Price: CDN$ 22.80
29 used & new from CDN$ 18.16

1 of 1 people found the following review helpful
4.0 out of 5 stars Sweet book for your sweet tooth, March 6 2016
This review is from: Baking with Mary Berry (Paperback)
I must admit, I'm not the best cook, but I do enjoy baking. (And the consuming of baked goods!)

I'm not sure how I haven't come across Berry's cookbooks before - she has "six decades of cooking experience and more than 80 cookbooks to her name and is considered Britain's queen of baking. And I've only just discovered The Great British Bake Off, where Berry is a judge.

This a perfect cookbook for those looking for basic, satisfying recipes perfect for beginners or experienced bakers.

The first chapter deals with techniques - most of the basic skills I was familiar with but others were new to me, such as steaming a pudding and different types of pastry. Berry really does cover it all, from muffins, loafs to cakes, pies, tarts, cookies - and British favourites. This was my favourite chapter! Devon scones, treacle tarts, Banoffi pie, sticky toffee pudding and more. Absolute comfort food that reminds me of my gran. Every recipe looks delicious and there are some unusual pairings I have to try - Chocolate and Beet cake!?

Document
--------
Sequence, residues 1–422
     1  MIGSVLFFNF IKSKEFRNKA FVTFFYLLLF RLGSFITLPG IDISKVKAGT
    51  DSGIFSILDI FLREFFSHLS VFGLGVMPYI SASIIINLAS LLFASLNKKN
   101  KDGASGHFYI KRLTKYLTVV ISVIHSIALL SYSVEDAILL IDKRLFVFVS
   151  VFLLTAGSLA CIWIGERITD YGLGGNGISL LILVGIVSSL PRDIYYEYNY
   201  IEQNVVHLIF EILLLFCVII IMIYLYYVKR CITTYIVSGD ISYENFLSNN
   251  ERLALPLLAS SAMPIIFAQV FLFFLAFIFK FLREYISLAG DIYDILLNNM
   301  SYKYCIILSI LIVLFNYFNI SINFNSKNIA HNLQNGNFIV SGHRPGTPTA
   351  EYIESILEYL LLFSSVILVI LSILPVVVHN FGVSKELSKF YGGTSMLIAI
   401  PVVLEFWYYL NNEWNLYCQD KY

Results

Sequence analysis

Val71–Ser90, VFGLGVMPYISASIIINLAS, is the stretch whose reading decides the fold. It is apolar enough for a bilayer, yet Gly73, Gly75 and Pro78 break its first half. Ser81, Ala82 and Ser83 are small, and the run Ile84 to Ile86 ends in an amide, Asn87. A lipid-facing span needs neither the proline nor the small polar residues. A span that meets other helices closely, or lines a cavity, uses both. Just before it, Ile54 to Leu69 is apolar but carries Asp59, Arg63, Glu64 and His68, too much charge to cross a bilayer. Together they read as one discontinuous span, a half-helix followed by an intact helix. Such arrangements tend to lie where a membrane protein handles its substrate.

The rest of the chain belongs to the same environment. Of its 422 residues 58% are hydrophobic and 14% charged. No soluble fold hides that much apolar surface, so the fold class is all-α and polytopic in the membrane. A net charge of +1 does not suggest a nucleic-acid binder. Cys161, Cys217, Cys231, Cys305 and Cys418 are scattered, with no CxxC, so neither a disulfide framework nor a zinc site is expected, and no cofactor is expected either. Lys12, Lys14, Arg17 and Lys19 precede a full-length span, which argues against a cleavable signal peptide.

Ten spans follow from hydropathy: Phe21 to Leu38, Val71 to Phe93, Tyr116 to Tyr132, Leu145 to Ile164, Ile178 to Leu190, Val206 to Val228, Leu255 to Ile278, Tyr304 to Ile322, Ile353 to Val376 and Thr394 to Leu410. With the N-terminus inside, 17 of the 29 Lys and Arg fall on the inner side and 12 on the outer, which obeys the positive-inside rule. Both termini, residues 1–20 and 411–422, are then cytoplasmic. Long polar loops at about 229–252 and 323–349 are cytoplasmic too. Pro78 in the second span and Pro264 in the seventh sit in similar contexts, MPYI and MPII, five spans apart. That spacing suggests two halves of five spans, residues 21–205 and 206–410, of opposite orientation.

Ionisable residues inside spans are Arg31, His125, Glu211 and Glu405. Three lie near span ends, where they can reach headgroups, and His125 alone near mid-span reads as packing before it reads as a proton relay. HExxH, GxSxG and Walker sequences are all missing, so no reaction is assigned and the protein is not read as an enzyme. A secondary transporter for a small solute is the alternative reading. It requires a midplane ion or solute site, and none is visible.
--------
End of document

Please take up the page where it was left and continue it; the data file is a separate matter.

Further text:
The layout of the book is clean and easy to read. The recipes call for ingredients most bakers will have in the fridge or cupboard. The methods are also clear and easy to follow with only 3-7 steps in each. My only wish is that colour photos had been included with every recipe. Those that are look delicious. No nutritional info is included. But butter, sugar and chocolate are, so it's probably better to just enjoy a treat without worrying.

This is a cookbook I'll be using and enjoying for many years.